She said: In different ways and in different places, you come across the idea that your voice or your making is precious and special because nobody else in the whole entire world is going to make what you make, in the way that you make it, with the dreams you have dreamt of it, with what you bring to it, with the spirit you imbue in it and the experiences that have wrought it. Nobody else can make your work and that is the gift you bring to the world.

What wonderful, encouraging thoughts and what it says about her own conviction is so inspiring. I will remember it when I seem especially to be struggling and hope perhaps that it will bring me comfort. 

My problem especially is that I feel I have yet to find anything that I can call my voice (though I would so much like to do so) and can only play on in the hope that something good and true develops ... but perhaps that is the case for most people. Finding oneself in an artistic way takes may years of hard work and, I hope, lasts a lifetime.

Between the Lines
Hand stitch on hand-dyed scrim
I don't know whether the small piece above sings or not but it's a favourite piece made a while back so I bring it to you as a part of the long work in progress. 

Sunday 17 November 2013

Playing with cards for Christmas

I've posted before about making my own Christmas cards. I block print, stitch, transfer dye, paint and manipulate fabric, monoprint or paper fold as takes my fancy. I've been doing these little cards for 15 years or so now and I know our friends and relations appreciate receiving them (or those who don't say nothing ...).

I must admit though, it gets harder and harder every year to think of something new. Still, I enjoy the playing and thinking but many of my thoughts are just not practical for producing over 100 in a couple of weeks.

Everything has to be done in a production line, completely by hand and card by card - without a press for printing or any other aids and this really cramps my style. Any tips or hints on short cuts would be gratefully received!

In the last few days, I've been trying out a few ideas and some of these are posted here. I've tried them in various layouts, some more successful than others ...

First of all, I played with some small commercial print blocks in my stash that suggest perhaps holly and mistletoe.

While I try things out, I've printed with some of the Ranger Distress Ink pads to give colour. These are produced by Tim Holtz in the USA in a range of 36 good muted colours. They seem mostly to be available in crafting shops here in the UK and give very quick, un-messy results.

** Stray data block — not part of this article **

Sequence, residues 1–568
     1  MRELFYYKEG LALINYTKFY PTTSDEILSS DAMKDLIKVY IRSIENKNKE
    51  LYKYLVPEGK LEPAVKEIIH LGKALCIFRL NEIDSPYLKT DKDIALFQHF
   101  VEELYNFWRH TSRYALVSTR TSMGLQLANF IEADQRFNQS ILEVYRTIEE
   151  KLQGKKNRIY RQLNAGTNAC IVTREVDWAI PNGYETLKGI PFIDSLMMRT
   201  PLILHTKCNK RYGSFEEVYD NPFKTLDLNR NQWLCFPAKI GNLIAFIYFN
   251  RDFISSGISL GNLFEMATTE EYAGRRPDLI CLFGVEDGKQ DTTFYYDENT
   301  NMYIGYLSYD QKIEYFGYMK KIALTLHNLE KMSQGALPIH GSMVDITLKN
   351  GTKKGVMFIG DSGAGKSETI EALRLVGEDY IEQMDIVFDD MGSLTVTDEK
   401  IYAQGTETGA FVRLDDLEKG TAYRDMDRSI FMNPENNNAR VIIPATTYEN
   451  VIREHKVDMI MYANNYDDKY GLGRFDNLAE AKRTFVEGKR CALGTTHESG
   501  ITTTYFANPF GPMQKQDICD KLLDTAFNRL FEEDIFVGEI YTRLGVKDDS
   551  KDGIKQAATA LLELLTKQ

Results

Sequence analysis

Then I've experimented with printing up my own repeating papers for paper folding. Too complicated, these more ornate and fanciful ideas often end up as individual cards to be given to special people only.

These last two are indeed too time-consuming and I think there is still quite a way to go on the overall design - though I rather like the simplicity of them all.

Next I'll cut one of two print blocks of my own and try printing them on painted grounds, lightly washed with colour. I'll also try out some other, more textured papers.

Monday 11 November 2013

Black and white and framed

A small piece - on the way to a much larger one - which resulted from a recent workshop in Marlborough.

No time recently for concentrated thinking and working time. Much too busy today helping my local art group (Cirencester Art Society) hang their exhibition. This small piece - 10" x 10" features in it.

And then it'll be Christmas and card making and present buying and a long list of other stuff I know I should be doing.

I feel really impatient for some undirected creative playing time ....

Friday 8 November 2013

Colours in Aberdeenshire

I seem to have been away from my blog for ages. Busy times since I returned from Scotland have meant that I've only just downloaded my photos and thought what I wanted to post.

The silver birch, larch and beech were wonderfully rich in the soft northern light so I've chosen photos of them, mostly taken in our favourite and often-visited valley - Glen Tanar.

This year the acid colours of the larches and the rich ochres and browns of the beaches seemed especially pronounced ...

Then, there was the extraordinary pinky red of an ornamental rowan tree with its pale salmon coloured berries ...

On our way back to our cottage, we diverted to the pretty town of Ballater on the River Dee - to collect a consignment of black pudding (deliciously wicked ...) from the excellent butcher - and saw more strong rich yellows by the river ...

And lastly, there were the deep maroons and russets and the pale pinky-biege seed heads of the Rose Bay Willowherb in the ditches and waste ground where little else seems to grow ...

The weather was cold for much of our visit and hinting at winter. If you look closely at the mountain in the background of the last photo you can see snow ... definitely time to come south and hunker down with the heating switched on - more stitching and blogging and visiting my favourite sites - lots to catch up on there ...